Friday, October 23, 2009


Another confession:

I think about grades... a lot.

The idea of grades is quite interesting if we could expand on them a bit.

I'd like to run some experiments where you test a climbers overall strength along with weight, reach and experience.

It's interesting for me to watch a climber at the gym doing pull-ups, dips, campusing, dead hangs and compare them to another climber who has climbed the same amount of time but who does not spend the time training as above. Sometimes the non-trainer climbs harder grades.

Lets put it like this. If someone can do twice as much pull-ups, twice as much dips, is better at campusing but ends up climbing two grades lower, what is the reason?

Is climbing about grip strength? Does technique matter most?

Or is it a mental aspect that makes grades attainable for some and not others?

I know of climbers who can do one-arm pull-ups but haven't cracked double digits. Seems strange to me because I always felt like finger strength and lock off ability make for strong climbers.

The best climbers in the world are not necessarily the best athletes in the sport.

So what makes a strong climber?

My theory is muscle recruitment. The best use everything at once, they push their bodies to as close to one hundred percent as possible.

Chris Sharma Pachamama 9a+ from Campblog on Vimeo.

Sunday, October 18, 2009

Old Video

Found this video on my hard drive.

Thought I'd throw it up to get you all psyched.

I didn't film this, but when I watch this I'm amazed a little man can jump this high!

Be on four.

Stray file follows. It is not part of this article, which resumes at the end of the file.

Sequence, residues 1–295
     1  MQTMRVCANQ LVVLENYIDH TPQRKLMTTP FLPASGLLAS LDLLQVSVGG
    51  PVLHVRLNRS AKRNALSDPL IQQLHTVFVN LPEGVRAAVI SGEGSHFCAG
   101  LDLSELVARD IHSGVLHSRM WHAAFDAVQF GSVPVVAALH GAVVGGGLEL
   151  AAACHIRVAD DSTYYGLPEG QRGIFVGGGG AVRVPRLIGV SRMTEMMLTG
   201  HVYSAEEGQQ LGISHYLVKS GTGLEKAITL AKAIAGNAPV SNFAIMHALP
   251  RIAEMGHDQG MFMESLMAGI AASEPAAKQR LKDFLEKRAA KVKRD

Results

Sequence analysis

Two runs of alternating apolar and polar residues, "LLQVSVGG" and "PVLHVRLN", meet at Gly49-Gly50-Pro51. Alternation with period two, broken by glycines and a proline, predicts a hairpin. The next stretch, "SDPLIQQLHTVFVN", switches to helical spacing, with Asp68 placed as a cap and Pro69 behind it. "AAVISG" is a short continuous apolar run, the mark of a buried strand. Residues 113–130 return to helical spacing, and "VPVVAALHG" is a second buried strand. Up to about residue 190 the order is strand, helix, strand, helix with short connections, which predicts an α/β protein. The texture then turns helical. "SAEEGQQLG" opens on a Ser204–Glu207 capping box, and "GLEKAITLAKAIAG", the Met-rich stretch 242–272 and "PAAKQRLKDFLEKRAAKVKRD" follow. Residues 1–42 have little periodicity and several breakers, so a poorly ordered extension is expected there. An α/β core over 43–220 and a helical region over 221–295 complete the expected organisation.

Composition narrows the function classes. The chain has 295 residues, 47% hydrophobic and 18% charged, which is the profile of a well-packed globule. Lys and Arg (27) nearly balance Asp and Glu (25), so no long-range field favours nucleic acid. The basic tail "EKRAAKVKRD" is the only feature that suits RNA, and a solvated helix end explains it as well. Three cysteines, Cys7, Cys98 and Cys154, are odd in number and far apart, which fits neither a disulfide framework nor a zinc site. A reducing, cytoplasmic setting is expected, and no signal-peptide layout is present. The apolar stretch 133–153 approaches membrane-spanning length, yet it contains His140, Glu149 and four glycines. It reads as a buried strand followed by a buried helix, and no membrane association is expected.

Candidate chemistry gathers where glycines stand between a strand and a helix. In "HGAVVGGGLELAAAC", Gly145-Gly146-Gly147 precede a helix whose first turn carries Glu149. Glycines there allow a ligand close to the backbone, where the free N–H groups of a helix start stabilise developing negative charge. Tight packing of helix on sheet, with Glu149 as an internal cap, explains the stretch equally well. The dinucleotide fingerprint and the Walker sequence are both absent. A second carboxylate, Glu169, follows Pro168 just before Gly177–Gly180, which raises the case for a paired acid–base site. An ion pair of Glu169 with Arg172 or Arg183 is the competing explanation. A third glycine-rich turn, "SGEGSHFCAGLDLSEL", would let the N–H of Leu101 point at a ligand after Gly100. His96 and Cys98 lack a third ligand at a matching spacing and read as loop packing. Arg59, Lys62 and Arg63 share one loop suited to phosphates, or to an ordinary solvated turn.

If you want to know the history of the name of this problem, feel free to ask me if you see me in the forest. It's funny but not appropriate for a family blog...

Friday, October 16, 2009

Ticking Clock

Hueco Tanks is slowly approaching.

I'm leaving for my Christmas break on December 12th for three weeks of some of the best bouldering North America has to offer. I'm a little worried about this trip. The last time I was in Hueco I had one of my best climbing trips ever. I have a ton of expectations.

I haven't exactly made a list of problems I want to do but there is one I'd really like to do.

Most likely completely unrealistic. But I really want to do "Full Service". It was one of the first hard problems in Hueco and the first boulder problem rated V10. There's a little bit of history there and I'd like in a small way to be a part of it.

I have a dream list in my mind of problems I'd like to do before I'm too fat or too old to climb hard.
  • Midnight Lightning (Yet to visit)
  • Full Service (Tried for an hour 4 years ago)
  • Ride the Lightning (Squamish's version of Midnight)
  • Big Boss (A classic of the big four in Font)
When I was in Font I made a point to climb all historic firsts that I could.
First 5a Digital, first 6a La Maria Rose, 7a Joker, first 8a... ya right.

So over the next two months I'm training harder then I ever have before. Weights four days a week and climbing every other day. Or even two days in a row.

I watch Progression recently and if you haven't seen it well you're missing out. Watching Patxi train is sick. 3 months without a rest day. 2500 moves a day for endurance, campusing, hangs weight belts and a ton of other madness. Got me completely psyched. A new friend of mine told me Patxi increased his fitness by 5 grades by training like this. Amazing.

So it's on. Two months to go. Time to do some situps and dead hangs.